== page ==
Productive Skills, Not College Degrees, Key to Economic Prosperity

A critique of ‘talent mercantilism’

From the 16th to the 18th century, the dominant economic theory in Western Europe was mercantilism. Its basic idea was that worldwide wealth was static and for a country to grow rich, it needed to control as much of this wealth as possible. Nation states subsequently hoarded the most valuable thing they could find — mostly gold and silver currencies.

By the time America was founded, the mercantilist theory was in trouble. New economic thinkers like Adam Smith and David Hume were explaining that the theory mistook the cause of prosperity. Worldwide wealth was not stagnant; it could grow or decline as people figured out new ways to make productive use of raw materials. And mercantilist-inspired policies — tariffs, inflation and economic isolationism — were actually counterproductive for generating wealth. Meanwhile, the first Industrial Revolution was helping prove mercantilism wrong by creating more wealth than the world had ever seen before.

But mercantilist thinking is not dead. This debunked theory is still (unintentionally) invoked by pundits who claim that all a state needs to do to increase its wealth is to, in effect, hoard more people who have graduated from college. They repeat claims that the path to state prosperity is simple: Increase the number of people living there who possess a college degree.

A recent example is provided in a news article from Bridge Magazine, which says:

The numbers are clear: Michigan’s economy would improve if more adults had college degrees. People with college degrees make, on average, about a million dollars more in their lifetimes than those with just a high school diploma. Those extra dollars are spent in restaurants and stores, creating more jobs. People who make more money pay more taxes, giving state government more cash for roads and schools.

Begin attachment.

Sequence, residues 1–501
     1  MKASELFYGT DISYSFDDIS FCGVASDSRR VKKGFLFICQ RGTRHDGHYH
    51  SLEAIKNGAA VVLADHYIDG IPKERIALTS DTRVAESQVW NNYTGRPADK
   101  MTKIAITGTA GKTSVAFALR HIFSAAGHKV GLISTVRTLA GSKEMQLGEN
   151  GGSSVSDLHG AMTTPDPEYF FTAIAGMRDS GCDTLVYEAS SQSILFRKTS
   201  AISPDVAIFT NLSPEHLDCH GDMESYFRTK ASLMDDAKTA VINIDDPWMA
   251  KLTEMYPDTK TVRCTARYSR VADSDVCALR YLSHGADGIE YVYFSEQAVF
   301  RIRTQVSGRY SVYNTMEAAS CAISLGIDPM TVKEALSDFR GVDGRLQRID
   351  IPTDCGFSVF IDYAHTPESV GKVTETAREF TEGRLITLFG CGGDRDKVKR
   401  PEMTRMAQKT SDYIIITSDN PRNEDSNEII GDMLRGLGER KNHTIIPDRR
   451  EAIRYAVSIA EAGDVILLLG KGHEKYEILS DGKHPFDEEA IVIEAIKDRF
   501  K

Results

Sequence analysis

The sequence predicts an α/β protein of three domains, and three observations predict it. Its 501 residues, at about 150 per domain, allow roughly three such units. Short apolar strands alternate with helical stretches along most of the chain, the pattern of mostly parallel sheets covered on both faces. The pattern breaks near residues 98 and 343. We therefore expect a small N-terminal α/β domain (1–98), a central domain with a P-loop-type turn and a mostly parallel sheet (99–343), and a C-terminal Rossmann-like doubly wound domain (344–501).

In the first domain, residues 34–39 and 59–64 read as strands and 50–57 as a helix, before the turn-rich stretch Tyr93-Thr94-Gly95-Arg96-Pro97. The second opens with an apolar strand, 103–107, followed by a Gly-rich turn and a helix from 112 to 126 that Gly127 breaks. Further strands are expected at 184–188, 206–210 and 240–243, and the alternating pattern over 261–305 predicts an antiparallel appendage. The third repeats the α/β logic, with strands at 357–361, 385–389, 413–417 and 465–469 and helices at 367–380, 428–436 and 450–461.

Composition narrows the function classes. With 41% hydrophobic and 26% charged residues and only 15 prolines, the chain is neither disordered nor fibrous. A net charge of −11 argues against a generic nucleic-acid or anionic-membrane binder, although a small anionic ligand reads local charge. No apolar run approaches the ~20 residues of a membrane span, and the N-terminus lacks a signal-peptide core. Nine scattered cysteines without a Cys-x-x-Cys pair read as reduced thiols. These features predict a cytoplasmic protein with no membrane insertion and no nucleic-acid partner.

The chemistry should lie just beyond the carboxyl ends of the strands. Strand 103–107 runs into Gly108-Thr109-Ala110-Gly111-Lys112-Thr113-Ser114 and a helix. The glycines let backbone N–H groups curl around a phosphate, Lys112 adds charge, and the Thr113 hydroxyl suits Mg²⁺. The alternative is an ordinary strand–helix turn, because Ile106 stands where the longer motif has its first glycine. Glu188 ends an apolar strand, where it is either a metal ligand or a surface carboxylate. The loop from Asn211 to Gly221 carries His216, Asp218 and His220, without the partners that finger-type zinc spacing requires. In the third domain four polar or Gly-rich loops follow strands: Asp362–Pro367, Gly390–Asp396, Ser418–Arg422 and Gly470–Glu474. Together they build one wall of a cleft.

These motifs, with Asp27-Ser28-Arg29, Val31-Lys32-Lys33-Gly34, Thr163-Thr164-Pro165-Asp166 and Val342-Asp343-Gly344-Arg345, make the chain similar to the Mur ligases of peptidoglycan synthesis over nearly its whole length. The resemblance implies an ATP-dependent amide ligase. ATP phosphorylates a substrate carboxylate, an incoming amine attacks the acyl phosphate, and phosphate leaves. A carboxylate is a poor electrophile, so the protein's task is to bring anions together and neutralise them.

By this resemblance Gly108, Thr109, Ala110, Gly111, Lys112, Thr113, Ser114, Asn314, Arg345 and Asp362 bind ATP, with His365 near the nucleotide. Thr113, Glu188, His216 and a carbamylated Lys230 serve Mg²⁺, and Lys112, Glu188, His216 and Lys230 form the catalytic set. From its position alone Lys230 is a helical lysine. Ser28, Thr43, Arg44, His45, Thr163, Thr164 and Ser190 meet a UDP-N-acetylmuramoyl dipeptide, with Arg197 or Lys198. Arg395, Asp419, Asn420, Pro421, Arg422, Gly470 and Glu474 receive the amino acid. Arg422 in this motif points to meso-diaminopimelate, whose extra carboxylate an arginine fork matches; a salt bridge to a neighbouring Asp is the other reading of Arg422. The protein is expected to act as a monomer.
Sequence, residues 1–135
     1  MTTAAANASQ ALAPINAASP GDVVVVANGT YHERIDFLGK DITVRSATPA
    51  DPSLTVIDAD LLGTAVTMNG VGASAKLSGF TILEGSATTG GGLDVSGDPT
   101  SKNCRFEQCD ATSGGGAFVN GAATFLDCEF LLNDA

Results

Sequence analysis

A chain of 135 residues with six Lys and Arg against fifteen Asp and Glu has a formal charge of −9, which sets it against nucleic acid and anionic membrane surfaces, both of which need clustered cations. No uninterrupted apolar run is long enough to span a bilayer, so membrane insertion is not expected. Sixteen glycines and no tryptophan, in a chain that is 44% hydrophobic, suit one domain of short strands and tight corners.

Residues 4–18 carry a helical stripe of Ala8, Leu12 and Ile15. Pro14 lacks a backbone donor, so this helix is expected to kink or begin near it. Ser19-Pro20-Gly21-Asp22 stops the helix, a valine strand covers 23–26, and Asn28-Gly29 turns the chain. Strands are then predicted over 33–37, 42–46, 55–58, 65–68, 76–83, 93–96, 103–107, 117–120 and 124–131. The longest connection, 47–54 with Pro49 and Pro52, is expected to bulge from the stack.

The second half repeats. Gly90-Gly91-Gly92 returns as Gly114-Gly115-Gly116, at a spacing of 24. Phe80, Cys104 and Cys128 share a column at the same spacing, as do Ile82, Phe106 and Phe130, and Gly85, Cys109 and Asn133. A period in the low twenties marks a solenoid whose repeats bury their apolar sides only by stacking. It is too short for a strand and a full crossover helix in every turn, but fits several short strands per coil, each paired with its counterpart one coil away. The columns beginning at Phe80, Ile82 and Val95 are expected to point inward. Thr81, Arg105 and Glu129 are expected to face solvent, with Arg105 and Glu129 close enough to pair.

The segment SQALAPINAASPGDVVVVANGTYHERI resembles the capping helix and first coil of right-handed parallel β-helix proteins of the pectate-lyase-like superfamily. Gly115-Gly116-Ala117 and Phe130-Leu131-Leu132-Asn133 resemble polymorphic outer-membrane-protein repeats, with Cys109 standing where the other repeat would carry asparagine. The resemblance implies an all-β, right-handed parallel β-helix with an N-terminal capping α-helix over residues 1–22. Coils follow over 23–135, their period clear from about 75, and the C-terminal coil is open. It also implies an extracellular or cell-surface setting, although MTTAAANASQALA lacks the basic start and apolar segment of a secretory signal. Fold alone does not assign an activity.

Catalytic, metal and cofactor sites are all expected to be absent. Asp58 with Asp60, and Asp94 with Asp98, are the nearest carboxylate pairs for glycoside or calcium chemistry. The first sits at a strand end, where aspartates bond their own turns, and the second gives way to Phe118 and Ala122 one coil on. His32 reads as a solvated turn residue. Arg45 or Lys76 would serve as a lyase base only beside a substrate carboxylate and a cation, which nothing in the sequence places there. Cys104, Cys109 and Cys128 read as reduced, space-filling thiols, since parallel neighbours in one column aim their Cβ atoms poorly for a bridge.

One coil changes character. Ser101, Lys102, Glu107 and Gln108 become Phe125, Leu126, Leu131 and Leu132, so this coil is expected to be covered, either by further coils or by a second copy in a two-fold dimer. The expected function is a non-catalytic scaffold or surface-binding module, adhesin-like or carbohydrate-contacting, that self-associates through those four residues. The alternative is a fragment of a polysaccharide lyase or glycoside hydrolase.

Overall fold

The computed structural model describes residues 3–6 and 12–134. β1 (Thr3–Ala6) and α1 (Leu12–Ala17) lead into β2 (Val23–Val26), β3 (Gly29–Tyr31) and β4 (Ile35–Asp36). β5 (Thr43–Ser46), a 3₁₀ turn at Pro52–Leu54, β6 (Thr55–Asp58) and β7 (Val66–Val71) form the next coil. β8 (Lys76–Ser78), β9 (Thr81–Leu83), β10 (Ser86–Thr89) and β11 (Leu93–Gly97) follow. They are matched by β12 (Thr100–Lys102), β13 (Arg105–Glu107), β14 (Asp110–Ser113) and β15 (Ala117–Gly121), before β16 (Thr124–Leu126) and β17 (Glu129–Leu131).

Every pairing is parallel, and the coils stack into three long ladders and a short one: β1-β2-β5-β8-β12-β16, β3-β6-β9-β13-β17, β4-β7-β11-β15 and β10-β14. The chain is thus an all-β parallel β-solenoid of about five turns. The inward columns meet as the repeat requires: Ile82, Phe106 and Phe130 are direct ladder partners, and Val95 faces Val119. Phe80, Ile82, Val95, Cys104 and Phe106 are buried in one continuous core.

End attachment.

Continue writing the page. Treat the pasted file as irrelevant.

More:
If it is true that all that’s needed to grow Michigan’s economy is more people with college degrees, then legislators should pass a law bestowing one on every Michigander. And we’d all be richer then, right?

This, of course, would be ridiculous, but it does illustrate the problem with these types of simplistic ideas about economic growth. Just as gathering up gold doesn’t automatically equate to a strong economy, simply increasing the number of people with college degrees doesn’t necessarily produce economic growth.

My colleague James Hohman calls this flawed idea “talent mercantilism.” He writes, “While it’s certainly true that people with college degrees tend to be more employable and have higher incomes, it does not follow that states increasing their college graduate populations will itself lead to greater state prosperity.” Not all college degrees are equally valuable in economic terms, and some people who have done the most to create wealth for themselves and the economy — think of Bill Gates, Steve Jobs to start with — never earned a degree.

What creates wealth is putting the resources of the world — both natural resources and human ingenuity and creativity — to productive use so that more people are provided with the stuff they want. A college degree can signal that someone is productive, but it doesn’t necessarily follow that the degree itself causes the person to become productive. It’s good for Michigan to have more people doing more productive things, whether they have a college degree or not.